Newtown Literary Contributor: Laura Grow-Nyberg

Writer Laura Grow-Nyberg’s story “Forsan miseros meliora sequentur” was featured in Issue #5 of Newtown Literary. We interviewed her about her writing, and her answers are below. You can read more from Laura on her blog, or follow her on Twitter @LauraGrowNyberg. 

What is your relationship to Queens?
My husband and I moved to Queens in 2009, not long after we got married. We lived in Astoria until last year, when we bought a house in Rego Park

How would you describe the writing you do?
It’s all “genre”, all the time. I’ll try to write about romance or family dynamics or a coming-of-age, but then aliens attack or a ghost shows up or somehow time travel gets involved. If people want to read metaphors into that, I’m all for it, but really it’s more like, “You know what would make this story a lot more fun? Nanites!”

How did you come to writing?
I honestly don’t remember. I was one of those kids who was always making up stories and devouring books, and I never saw any reason why I shouldn’t.

What inspires you?
Other people’s stories. More than a few of my story ideas have seeds in what, if I’m being honest, I’ll call fanfiction, but as I play with characters and settings, they get so far away from the original properties that I think the fandoms would be more angry with me posting them on Archive of Our Own – “X doesn’t act like that!” Well, no. She’s “Y” now.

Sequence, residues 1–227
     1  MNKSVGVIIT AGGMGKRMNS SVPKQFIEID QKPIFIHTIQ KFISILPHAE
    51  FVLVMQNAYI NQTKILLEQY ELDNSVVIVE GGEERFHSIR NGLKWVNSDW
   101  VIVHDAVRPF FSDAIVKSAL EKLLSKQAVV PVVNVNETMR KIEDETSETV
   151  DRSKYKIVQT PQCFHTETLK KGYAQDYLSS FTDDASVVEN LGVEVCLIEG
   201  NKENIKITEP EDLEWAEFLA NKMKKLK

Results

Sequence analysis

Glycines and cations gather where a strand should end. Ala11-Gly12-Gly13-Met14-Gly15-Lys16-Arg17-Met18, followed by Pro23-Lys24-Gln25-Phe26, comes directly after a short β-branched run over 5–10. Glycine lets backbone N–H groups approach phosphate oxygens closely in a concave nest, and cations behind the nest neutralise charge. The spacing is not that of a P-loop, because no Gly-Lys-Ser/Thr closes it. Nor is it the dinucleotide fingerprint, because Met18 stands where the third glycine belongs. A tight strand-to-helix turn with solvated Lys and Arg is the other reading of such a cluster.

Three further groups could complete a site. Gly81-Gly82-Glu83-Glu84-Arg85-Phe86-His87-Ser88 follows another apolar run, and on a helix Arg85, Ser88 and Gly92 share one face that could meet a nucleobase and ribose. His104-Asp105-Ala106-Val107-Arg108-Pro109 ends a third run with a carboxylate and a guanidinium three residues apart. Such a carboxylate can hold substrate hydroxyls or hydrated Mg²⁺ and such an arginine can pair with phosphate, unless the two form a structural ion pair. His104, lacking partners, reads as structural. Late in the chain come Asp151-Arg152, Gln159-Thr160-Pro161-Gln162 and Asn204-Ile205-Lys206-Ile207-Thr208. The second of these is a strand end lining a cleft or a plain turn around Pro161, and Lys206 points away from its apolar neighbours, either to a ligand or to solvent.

Dreams can also have an influence, but I’m not going to bore you by talking about last night’s dreams.

What does it mean to be a writer in Queens?
Any time you deal with a multicultural community, you get a window into not just all the cultures that comprise it, but also any multicultural situation in your head: vampires in Philadelphia, an alternate-history Roman Empire, time-traveling to Tenochtitlan, settling in on a space station, or examining the different myths of Santa Claus that exist worldwide. And it’s pretty hard to get more multicultural than Queens.

What writing project(s) are you currently working on?
My book club’s annual holiday party always involves a murder mystery game, and this year I decided I’d write one instead of purchasing it. My premise is that a supervillain has been murdered, and his henchmen have to figure out which of them did it. The party will also be a play-test.

And, finally, my favorite question: What should I be asking you that I didn’t?
You should probably ask me who the killer is, but if I told you that, you wouldn’t want to play!

Thanks, Laura!

Readers, mark your calendars:

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